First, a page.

Bills Still Standing
With just a few days left in the session, here are some of the key environmentally-related bills still moving. Good Bills Fracking Chemical Disclosure (HB 3328) - passed Senate, going to conference committee. More. Solar Leasing Bill (SB 981) - passed House. Once the bill's author - Sen. John Carona - concurs with the House amendments, it'll go to the Governor
With just a few days left in the session, here are some of the key environmentally-related bills still moving.
Fracking Chemical Disclosure (HB 3328) – passed Senate, going to conference committee. More.
Solar Leasing Bill (SB 981) – passed House. Once the bill’s author – Sen. John Carona – concurs with the House amendments, it’ll go to the Governor
State Energy Plan (HB 3595) – The bill to create a state energy plan was amended on to HB 3595 (a good energy efficiency bill) in the Senate, but without the anti-renewable energy language (“section P”). Other amendments to HB 3595 include the language from SB 981 (see above), language to create an Energy Efficiency Coordinating Council and improvements to the Power to Choose website. This bill will go to conference committee and with the coal industry gunning to kill it, its fate is uncertain.
HOAs and Solar (HB 362) limits the power of homeowner associations to restrict solar installations. It has some problematic language, but hopefully it helps make it easier for people to install solar. – sent to Governor.
TCEQ Sunset (HB 2694). The bill raises the cap on penalties up to $25,000 a day for polluters, but it makes some changes to the penalty policy that will blunt the impact of that change. The conference committee rejected an amendment by Rep. Chisum that would have shifted the burden of proof from the polluter to a citizen contesting a permit, but accepted another Chisum amendment which weakens the rights of Texans to influence upcoming decisions about mercury pollution from power plants. – on its way to Governor
Mandatory TV Recycling (SB 329) – on it was to Governor
A number of energy efficiency bills are on their way to the Governor’s desk. These are mostly pretty modest bills, but still a good step forward for efficiency:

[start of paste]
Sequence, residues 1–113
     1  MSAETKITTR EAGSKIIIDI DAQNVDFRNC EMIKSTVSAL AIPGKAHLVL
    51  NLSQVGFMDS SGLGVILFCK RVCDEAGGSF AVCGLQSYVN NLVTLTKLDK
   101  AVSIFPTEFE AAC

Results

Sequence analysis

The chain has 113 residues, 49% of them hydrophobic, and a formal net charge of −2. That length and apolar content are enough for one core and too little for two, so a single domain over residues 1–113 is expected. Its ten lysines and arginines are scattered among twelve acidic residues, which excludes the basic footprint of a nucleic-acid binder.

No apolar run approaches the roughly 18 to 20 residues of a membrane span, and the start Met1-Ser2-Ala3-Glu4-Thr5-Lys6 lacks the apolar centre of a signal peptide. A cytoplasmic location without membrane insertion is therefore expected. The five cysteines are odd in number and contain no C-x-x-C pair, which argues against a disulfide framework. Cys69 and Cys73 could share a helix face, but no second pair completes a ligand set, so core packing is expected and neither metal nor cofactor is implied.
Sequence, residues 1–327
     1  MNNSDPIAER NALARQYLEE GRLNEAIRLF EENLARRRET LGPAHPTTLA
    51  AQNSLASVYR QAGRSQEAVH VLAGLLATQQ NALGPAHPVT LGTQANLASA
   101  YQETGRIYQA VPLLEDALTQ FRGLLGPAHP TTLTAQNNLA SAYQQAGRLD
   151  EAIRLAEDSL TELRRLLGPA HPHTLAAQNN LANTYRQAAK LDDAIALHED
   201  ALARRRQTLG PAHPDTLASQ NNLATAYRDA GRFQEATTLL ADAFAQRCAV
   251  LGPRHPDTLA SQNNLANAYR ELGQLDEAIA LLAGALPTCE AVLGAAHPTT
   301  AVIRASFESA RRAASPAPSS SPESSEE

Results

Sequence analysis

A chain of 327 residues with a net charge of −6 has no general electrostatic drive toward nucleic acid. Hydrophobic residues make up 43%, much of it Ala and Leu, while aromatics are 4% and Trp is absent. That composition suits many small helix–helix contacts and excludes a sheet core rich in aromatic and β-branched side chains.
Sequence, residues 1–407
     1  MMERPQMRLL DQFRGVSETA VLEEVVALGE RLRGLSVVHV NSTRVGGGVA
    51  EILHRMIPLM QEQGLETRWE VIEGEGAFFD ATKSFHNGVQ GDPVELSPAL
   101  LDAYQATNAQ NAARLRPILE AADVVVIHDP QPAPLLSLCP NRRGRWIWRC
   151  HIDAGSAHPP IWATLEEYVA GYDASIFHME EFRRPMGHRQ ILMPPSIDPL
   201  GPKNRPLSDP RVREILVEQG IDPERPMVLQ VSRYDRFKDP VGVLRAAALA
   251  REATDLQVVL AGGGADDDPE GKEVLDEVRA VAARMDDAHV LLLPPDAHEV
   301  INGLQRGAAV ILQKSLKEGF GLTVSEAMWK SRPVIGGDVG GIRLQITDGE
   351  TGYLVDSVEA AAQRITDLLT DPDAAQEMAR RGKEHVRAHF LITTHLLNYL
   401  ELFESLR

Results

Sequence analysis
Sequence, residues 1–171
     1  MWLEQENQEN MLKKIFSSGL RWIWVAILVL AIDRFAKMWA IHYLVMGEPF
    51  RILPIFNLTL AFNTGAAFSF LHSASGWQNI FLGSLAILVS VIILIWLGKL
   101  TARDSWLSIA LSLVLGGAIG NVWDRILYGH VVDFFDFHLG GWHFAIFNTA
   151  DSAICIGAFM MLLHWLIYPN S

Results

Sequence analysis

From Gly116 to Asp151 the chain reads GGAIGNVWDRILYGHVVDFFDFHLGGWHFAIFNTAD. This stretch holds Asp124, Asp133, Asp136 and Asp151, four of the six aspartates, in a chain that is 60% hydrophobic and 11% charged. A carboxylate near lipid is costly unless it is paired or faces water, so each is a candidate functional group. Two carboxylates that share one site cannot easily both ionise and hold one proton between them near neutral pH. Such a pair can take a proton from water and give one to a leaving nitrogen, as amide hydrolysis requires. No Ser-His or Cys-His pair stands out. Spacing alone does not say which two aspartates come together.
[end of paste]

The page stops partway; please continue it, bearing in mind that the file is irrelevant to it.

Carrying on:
Utility Energy Efficiency Incentives (SB 1125) – sent to Governor
Green State Buildings (HB 51) – will soon be sent to Governor
Local Government Energy Conservation (SB 898) – sent to Governor
Municipal and Cooperative Utilities Efficiency Program Reporting (SB 924) passed House and the bill’s author – Sen. John Carona – either needs to concur with the House amendments or call for a conference committee.
Non-ERCOT Utility Efficiency (SB 1150) – sent to Governor
Energy Efficiency for Churches and Non-profits (HB 2077) – sent to Governor
Energy Efficiency Performance Contracts for Schools (HB 1728) – sent to Governor
Light Pollution (HB 2857) regulates outdoor lighting of municipalities and counties located within a 57 mile radius of any major astronomical observatory of the McDonald Observatory – passed Senate and Rep. Gallego needs to either concur with their amendment (pushing back implementation date to January) or go to conference.
Limiting Rights of Texans to Fight Greenhouse Gas Pollution (SB 875) Rep. Bonnen added an amendment to make this bad bill even worse, but the Dallas Morning News reports indicate that provision will be stripped out. – in conference committee.
Energy-wasting Light Bulbs (HB 2510) – sent to Governor
Bills That Didn’t Make It
Solar rebates, electric cars in HOV lanes, better public notification of mercury-contaminated fish were just a few of the good environmental bills that didn’t make it this time.
Executive Director, Environment Texas
As the executive director of Environment Texas, Luke is a leading voice in the state for clean air, clean water, clean energy and open space. Luke has led successful campaigns to win permanent protection for the Christmas Mountains of Big Bend; to compel Exxon, Shell and Chevron Phillips to cut air pollution at three Texas refineries and chemical plants; and to boost funding for water conservation, renewable energy and state parks. The San Antonio Current has called Luke "long one of the most energetic and dedicated defenders of environmental issues in the state." He has been named one of the "Top Lobbyists for Causes" by Capitol Inside, received the President's Award from the Texas Recreation and Parks Society for his work to protect Texas parks, and was chosen for the inaugural class of "Next Generation Fellows" by the Robert S. Strauss Center for International Security and Law at UT Austin. Luke, his wife, son and daughters are working to visit every state park in Texas.